Developer: IO Interactive
Release Date: 10/1/2003
Also Available On
The Good: Fast-paced gun play, auto aim actually works right, controlling squad members helps in later levels, open-ended objectives are welcome
The Bad: Unbalanced and frustratingly difficult, too many enemies for the type of weapon system in use, what’s with the helicopters?, story is bland and uninteresting, repetitive objectives and levels repeat ad nauseum
This is actually a game I knew was a big deal back in the day and ignored it until now. I don’t if it was because I was too young to understand the concept, it seemed like another shooter, or something else told me to overlook it, but I’m glad I finally dived into one of the most popular and talked about games of the early 2000’s. Freedom Fighters is a squad based third person shooter where you control the main protagonist Christopher Stone, and help the rebel fighters take back the United States from Soviet control.
The story isn’t really anything memorable, but the game does have a decent atmosphere about it. You feel the suppression of Russia as you run around the war-torn stages and view the cut scenes. Real-time scenes are mostly made up of news propaganda and the quick unfolding of the rebels winning. The game moves at a really fast pace, isn’t that long, and feels fairly average today, but back in the day, it was something new.
The game is structured around rebel bases that act as hubs and each set of levels is accessed via a map. Once you get into a level there are a few objectives to complete and then it’s on to the next one (in any order). If you find yourself hurting for supplies you can find manholes which act as checkpoints and can either quick save or go back to your base (but you lose all your squad members). The game actually doesn’t explain any of this and I had to figure this all out myself which was very confusing and frustrating.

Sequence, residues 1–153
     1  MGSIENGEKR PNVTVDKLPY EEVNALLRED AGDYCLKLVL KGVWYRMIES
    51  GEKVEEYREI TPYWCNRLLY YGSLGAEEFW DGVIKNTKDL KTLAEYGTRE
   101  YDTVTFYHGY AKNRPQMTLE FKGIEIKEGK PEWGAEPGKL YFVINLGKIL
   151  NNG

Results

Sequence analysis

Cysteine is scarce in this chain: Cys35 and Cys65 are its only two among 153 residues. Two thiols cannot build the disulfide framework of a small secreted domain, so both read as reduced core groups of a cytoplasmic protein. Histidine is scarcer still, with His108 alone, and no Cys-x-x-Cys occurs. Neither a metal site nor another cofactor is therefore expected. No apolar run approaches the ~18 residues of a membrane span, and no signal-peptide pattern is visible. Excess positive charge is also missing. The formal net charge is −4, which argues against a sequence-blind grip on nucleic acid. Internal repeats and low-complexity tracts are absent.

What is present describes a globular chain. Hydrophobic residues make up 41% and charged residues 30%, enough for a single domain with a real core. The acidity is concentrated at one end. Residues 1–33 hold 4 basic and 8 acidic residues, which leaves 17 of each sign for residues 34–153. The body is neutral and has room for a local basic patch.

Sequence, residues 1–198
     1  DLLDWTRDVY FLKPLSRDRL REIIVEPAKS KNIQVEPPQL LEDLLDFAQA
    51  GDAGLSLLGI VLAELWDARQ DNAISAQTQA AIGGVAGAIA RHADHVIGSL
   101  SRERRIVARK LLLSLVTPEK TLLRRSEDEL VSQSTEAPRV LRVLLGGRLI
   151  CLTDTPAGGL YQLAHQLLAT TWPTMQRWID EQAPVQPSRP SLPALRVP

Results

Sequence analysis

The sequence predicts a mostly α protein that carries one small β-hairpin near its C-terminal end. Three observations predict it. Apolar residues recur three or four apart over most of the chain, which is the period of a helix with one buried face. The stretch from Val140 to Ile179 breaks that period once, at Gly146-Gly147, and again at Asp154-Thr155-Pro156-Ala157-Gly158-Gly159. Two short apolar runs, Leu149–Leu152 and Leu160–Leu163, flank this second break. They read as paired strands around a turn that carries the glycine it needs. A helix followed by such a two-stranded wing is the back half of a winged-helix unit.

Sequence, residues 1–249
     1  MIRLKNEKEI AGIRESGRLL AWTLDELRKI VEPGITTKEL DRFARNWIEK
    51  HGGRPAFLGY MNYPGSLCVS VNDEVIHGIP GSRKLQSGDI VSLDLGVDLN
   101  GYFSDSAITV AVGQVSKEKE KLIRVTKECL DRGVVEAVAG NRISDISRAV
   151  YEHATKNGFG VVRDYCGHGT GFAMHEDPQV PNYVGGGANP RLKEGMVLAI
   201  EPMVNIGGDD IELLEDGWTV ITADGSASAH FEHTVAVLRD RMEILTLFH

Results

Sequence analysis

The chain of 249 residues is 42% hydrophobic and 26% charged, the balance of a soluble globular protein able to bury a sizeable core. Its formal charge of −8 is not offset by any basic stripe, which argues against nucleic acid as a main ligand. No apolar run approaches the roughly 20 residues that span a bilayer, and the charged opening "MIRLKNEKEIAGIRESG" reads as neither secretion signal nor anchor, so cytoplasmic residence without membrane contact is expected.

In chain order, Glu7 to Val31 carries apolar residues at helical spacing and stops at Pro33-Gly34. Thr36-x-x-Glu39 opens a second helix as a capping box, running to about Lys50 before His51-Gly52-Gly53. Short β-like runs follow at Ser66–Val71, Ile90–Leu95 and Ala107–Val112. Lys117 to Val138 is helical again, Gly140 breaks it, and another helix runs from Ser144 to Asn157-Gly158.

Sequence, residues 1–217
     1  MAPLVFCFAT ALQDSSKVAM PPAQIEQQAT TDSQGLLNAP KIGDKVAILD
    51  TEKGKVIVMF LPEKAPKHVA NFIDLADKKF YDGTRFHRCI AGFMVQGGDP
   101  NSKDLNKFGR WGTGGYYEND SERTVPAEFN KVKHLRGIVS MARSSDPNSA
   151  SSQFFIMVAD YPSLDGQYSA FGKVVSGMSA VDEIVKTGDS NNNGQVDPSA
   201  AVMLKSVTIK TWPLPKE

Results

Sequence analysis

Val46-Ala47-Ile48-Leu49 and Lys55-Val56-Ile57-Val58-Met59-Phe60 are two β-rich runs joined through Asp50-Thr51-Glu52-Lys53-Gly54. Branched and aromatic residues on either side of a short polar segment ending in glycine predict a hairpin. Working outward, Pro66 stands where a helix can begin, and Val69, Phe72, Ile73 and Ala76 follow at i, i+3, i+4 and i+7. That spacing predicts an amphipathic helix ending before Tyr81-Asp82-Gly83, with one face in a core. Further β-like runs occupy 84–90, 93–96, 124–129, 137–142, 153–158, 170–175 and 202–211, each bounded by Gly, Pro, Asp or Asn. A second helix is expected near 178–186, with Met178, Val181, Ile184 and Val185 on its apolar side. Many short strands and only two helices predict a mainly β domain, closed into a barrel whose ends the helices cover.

When you complete objectives you get Charisma which gives you a squad member slot with every level. It’s imperative that you do most of the side objectives as later in the game you will need as many members as you can get. When you actually start shooting and playing the game feels extremely unbalanced and very difficult. The sheer amount of enemies that are thrown at you is insane. There are probably over 200 enemies in each level and the levels aren’t that big. The game uses an auto-aim mechanic which actually works with how many enemies they throw at you. Just pull the trigger and Stone will auto switch enemies on the fly without any issues. There is a manual aim mode, but it’s finicky and you can’t move while you aim. I would have liked fewer enemies and a more robust cover shooting mechanic instead.
This shooting mechanic is what makes the game so difficult to begin with. I actually had to turn on cheats for rocket launchers as helicopters would come after me and there were no rocket launchers in the entire level. I was probably supposed to run from them, but the constant restarting was infuriating. Checkpoints are far and few between and the last thing I need is to mow down the same five waves of enemies over and over just to try a different zig-zag path with the helicopter.
This extreme balancing issue brings the games fun down quite a bit and after about three or four levels it all starts to feel the same again. There are not that many weapons to choose from with just standard assault rifle, submachine gun, heavy machine gun nonsense that has been done many times over. Squad member control was decent, as they followed you around, but send them out to fight on their own and they drop like flies. I’m actually glad the game was as short as it was as it got so repetitive and numb that I wanted it to all end.
The visuals and audio in the game are actually impressive for the time. There’s a lot of detail everywhere and the voice acting is rather excellent, but there’s a lot of slowdown when too much is happening on screen at once. Overall, Freedom Fighters is a fast paced third-person shooter on steroids, but the balancing issues, repetitive objectives, and overall frustrating difficulty brings the fun down quite a bit.